After a tour of Sulphur Springs Tuesday, international development consultant Roger Brooks had high praise for the work that has been done and said there is much that still needs to be done.
“I'll tell you, what you got here is world class,” Brooks said to an interested group of a couple hundred Tuesday at the Hopkins County Regional Civic Center. “I think everything you are doing downtown is just amazing, but what you've done is set up the infrastructure. Now you have got to get things in the buildings that are going to make you a draw. I think you've done the first part, making downtown a spectacular setting.”
Brooks, who has consulted in hundreds of cities in the United States, Canada and Europe, compared Sulphur Springs with Fredericksburg in the Texas Hill Country.
“I mean, it is really, really something great you have here. You know what I think the coolest thing is?” he asked. “Those bathrooms on the plaza — that's a tourist attraction all by itself. Whatever it takes to get people downtown. Once you get people out of their cars, you have a four times greater chance of getting them to spend money.”
Brooks had some recommendations after touring the parks and airport and spending several hours visting the downtown area.
“Little things,” Brooks said. “You know, right next to the Chamber of Commerce, those two garage doors. I thought, 'Oh my gosh, wouldn't those be cool if they rolled up at night and there was little pub in there; and out in front, you lose those three parking spaces, you make that a little plaza with tables and chairs. Or, you put a glass-blowing artist in there.'”
He also mentioned the blank wall on the west side of Hopkins County Appraisal District where buskers, entertainers and vendors and even food trucks could be placed.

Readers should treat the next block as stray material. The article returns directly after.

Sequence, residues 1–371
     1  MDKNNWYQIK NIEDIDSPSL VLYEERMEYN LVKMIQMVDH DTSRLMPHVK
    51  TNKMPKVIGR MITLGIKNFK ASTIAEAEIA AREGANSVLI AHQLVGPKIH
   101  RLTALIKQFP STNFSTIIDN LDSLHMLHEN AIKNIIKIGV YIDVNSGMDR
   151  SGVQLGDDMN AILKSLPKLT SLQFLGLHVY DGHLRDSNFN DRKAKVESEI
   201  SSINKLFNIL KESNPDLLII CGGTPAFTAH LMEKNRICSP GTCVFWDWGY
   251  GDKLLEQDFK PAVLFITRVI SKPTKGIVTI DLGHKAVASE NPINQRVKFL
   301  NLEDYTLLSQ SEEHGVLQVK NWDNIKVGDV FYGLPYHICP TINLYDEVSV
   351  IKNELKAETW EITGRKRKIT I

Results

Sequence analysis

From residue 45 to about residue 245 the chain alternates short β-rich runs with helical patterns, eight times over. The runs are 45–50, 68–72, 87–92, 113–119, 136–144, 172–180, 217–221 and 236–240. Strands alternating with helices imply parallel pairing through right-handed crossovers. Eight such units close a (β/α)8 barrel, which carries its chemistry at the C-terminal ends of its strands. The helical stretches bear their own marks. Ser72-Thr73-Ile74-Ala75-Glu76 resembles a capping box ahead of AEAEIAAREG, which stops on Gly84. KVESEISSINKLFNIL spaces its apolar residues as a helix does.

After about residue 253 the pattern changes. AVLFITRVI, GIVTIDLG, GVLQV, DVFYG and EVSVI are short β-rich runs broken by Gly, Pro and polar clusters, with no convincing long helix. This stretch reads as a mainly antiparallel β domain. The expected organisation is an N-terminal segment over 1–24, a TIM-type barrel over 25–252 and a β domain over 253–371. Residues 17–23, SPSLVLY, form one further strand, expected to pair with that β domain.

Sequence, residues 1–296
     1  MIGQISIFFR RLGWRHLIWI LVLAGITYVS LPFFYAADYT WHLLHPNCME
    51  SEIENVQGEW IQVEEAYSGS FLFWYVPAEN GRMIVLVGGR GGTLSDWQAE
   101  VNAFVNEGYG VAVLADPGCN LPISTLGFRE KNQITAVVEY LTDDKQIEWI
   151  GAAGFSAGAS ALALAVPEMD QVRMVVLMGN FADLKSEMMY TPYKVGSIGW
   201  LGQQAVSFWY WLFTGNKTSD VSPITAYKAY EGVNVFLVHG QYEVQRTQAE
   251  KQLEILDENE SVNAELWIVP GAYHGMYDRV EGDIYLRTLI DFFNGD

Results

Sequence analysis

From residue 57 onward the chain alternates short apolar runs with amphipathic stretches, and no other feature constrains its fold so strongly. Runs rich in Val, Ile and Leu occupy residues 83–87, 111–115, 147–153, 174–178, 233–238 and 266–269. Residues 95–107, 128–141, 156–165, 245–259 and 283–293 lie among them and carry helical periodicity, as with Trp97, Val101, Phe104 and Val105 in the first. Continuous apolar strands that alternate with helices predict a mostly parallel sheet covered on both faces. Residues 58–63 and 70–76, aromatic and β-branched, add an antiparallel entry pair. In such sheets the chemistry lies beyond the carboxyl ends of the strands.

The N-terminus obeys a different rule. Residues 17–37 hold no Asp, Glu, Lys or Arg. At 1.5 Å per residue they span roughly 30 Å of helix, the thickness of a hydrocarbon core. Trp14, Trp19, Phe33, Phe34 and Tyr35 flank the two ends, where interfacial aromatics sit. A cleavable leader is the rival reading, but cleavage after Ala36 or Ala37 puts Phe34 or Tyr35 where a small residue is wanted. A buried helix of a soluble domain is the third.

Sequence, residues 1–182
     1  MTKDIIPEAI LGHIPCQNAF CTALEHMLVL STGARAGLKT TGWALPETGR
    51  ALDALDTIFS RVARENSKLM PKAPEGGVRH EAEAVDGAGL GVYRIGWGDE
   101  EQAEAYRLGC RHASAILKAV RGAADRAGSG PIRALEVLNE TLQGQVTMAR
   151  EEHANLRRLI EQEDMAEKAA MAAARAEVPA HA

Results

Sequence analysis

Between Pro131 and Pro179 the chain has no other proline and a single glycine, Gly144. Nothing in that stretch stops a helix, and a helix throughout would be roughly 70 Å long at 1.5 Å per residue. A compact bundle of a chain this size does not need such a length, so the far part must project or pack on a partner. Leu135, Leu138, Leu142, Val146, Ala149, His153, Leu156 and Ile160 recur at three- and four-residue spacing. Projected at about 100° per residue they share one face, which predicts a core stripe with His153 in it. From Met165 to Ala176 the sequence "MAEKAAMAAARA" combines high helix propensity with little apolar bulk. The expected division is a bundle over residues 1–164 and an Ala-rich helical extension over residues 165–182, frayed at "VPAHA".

To make downtown a destination, Brooks said the area needed to be “branded.” Concepts such as a historic district will not draw visitors needed to make the district grow.
“I think the big deal is you have to orchestrate the business mix in downtown, you have to go figure out what do we want to be known for,” he said. “Is it antiques? Is it music? Is it art? What do we want to be known for — and now, let's go get our merchants and help put them in these buildings so it just doesn't end up being a hodge-podge mix.”
Brooks said there needs to be something along Interstate 30 directing people to the downtown area.
“There is not one single sign that says anywhere that there is a downtown,” he said. “This is something you need to do because you've got all these people staying in the hotels, and what happens is when they are staying out there they are spending their money out there. You want those people in your downtown so it becomes your centerpiece — otherwise, you are going to keep growing along the freeway, and you know how that is if you've ever gone up I-35 and I-45.”
In presenting his “20 Ingredients of an Outstanding Destination,” Brooks highlighted things that have been done in many cities ranging in small communities with only a thousand or so residents to those cities with hundreds of thousands of residents.
In throwing out some “wild ideas and planting seeds,” the international destination development consultant said the city of Sulphur Springs has the framework in place, and businesses and property owners now need to go to work.
|< Prev||Next >|